Keith has been working at the Gibraltar Botanic Gardens since 2007 and became its Director in 2011. His background is in the biological sciences and he has a broad knowledge of terrestrial natural history, most notably plants, insects and birds. He is particularly interested in the ecology and conservation of species and habitats in Gibraltar and the succulent flora of Morocco. In addition to his work at the Botanic Gardens, he is a member of four statutory bodies in Gibraltar: the Nature Conservancy Council, the Scientific Authority, the Gibraltar Port Authority and the Development and Planning Commission. He also sits on the Gibraltar Regional Committee for European Funding (JLAG) and the Council of the Gibraltar Ornithological & Natural History Society (GONHS).
Jon was trained as an arborist and spent twenty years working at the Royal Botanic Gardens Kew – part of it as a team leader – before he and his family decided to relocate to Gibraltar. He was recognised for his excellent skills as a tree surgeon whilst at Kew and featured prominently in some of the television series that the BBC produced with Kew, most notably ‘The Trees that Made Britain’. Although Jon is now mainly involved in day to day management of operations and personnel at the Gibraltar Botanic Gardens, but he still carries out important arboricultural work.
Andrew heads our plant and horticultural policy at the Gibraltar Botanic Gardens and is responsible for developing the Gardens’ plant collections. He has been involved in horticulture since the age of seven, when he began to develop his interest in cacti and other succulent plants. Andrew has since diversified to develop an extremely strong knowledge base in all aspects of horticulture. He is however an expert on succulents first and foremost, with an emphasis on cacti, which he has studied at an academic level as well. In addition to his work at the gardens themselves, Andrew also studies succulent plants in the field.
Andrew spent thirteen years in the family food wholesaling business, before making a drastic career move and gaining a certificate in Amenity Horticulture at Pershore college, followed by an amenity diploma with an arboriculture specialism at Askham Bryan near York. He joined the Gibraltar Botanic Gardens straight from college in September 1992, making him the longest-serving staff member. Since then, he has done the lion’s share of garden tours, particularly with schools and cruise liners. This has led him to increasingly specialise in educational activities as the Alameda developed its children’s programmes. In addition, he helps to maintain and develop different sections of the gardens, especially the South African collection. He is very interested in the many uses of plants in craft and artwork.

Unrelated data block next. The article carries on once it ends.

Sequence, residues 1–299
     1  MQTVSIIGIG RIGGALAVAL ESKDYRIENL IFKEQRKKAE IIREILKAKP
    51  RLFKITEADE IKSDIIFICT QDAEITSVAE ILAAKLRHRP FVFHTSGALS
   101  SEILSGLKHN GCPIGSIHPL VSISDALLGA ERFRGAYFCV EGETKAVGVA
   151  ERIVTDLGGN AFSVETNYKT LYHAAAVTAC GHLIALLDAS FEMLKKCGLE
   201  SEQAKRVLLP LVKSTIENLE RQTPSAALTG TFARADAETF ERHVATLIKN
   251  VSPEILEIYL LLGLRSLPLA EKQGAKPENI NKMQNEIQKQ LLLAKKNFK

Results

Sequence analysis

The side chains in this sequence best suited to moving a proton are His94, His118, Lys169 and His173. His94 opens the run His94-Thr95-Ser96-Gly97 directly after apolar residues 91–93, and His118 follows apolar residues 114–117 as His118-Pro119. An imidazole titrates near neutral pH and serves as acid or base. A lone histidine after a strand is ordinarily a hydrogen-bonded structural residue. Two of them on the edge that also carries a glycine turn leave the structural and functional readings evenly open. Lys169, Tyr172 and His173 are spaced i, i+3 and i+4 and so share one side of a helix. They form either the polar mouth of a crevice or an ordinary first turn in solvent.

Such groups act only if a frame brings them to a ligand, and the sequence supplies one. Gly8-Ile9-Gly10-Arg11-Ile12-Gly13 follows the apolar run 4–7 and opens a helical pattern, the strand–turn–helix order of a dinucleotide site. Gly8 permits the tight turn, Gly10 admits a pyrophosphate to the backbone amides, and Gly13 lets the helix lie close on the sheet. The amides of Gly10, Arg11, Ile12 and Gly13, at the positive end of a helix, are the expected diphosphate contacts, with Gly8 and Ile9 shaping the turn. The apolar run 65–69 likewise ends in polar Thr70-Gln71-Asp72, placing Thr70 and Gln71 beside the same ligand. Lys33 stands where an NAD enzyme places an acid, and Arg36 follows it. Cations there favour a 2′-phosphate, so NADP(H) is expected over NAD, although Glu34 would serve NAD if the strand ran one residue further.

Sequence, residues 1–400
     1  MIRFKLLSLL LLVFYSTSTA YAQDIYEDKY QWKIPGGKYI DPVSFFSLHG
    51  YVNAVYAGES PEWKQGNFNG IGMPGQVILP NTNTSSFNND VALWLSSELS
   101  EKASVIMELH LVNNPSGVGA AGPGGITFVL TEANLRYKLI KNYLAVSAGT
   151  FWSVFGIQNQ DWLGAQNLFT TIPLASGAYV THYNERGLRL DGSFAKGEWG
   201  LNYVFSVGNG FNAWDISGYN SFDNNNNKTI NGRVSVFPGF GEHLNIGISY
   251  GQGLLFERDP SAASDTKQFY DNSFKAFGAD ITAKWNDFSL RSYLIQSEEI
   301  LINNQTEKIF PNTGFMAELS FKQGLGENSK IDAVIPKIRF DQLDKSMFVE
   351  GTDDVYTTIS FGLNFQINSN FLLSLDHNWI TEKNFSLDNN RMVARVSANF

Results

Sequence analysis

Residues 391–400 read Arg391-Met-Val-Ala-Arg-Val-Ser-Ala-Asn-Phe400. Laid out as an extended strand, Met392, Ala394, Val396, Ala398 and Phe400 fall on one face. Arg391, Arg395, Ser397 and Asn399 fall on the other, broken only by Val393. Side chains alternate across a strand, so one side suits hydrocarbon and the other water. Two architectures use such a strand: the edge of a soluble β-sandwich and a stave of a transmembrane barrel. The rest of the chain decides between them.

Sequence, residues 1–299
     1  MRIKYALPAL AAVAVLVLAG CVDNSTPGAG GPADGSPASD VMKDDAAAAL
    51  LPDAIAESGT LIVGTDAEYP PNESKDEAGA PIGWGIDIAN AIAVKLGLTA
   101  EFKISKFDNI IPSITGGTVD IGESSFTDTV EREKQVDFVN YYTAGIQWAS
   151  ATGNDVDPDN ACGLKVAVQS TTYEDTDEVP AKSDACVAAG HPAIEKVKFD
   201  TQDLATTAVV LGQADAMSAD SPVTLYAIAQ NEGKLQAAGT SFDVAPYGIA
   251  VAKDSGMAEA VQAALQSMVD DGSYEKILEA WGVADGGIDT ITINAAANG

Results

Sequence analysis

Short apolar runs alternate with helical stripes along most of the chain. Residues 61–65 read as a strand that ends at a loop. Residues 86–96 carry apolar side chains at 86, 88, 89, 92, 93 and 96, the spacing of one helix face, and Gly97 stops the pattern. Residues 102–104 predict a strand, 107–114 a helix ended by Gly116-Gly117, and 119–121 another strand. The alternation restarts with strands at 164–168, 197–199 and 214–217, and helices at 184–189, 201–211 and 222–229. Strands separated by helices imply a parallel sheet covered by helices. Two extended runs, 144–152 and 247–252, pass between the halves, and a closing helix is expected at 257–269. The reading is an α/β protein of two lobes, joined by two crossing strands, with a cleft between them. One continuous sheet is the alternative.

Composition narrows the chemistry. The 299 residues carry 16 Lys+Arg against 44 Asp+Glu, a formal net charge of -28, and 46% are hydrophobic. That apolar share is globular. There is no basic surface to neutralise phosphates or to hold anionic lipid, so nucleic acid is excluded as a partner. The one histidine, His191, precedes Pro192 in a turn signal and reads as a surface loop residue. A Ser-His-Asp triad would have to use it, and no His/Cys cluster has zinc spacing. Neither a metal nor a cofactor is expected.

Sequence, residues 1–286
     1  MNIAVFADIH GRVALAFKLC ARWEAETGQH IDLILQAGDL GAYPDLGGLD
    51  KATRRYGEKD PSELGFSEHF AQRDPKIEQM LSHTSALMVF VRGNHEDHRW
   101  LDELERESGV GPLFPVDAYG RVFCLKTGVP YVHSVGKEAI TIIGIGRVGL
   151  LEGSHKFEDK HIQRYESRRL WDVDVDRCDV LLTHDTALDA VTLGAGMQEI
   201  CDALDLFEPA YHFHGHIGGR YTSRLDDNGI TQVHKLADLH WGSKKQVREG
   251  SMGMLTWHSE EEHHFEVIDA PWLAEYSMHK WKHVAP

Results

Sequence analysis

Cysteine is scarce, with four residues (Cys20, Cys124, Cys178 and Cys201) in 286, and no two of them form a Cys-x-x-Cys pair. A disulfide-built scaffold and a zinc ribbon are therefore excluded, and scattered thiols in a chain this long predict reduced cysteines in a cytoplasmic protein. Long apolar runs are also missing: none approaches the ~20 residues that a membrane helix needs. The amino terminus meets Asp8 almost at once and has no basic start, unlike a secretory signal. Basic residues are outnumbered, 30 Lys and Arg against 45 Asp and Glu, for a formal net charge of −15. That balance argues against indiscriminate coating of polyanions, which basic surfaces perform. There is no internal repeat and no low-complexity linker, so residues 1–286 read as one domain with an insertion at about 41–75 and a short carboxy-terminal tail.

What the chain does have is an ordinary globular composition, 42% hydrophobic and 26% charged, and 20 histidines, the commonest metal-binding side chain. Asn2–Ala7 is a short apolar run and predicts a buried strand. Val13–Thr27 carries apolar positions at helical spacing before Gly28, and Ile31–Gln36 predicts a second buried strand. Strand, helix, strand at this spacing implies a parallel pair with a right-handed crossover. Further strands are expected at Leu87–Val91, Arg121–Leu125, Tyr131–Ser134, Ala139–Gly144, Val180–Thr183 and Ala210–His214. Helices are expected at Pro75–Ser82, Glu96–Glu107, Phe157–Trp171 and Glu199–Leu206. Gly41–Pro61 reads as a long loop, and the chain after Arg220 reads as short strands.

Christine was awarded the National Diploma in Horticulture with Distinction from the Horticultural College at Pershore. In order to further her career, she moved to Gibraltar to gain experience in Mediterranean Gardening, where she ran the nursery for a local landscape contractor for ten years before joining the team at the Gibraltar Botanic Gardens in 2010. Christine was initially employed to take over the propagation section, but her role now includes developing the gardens’ Education centre by encouraging youngsters to enjoy a range of activities, promoting the importance of gardening, growing food and understanding the natural environment.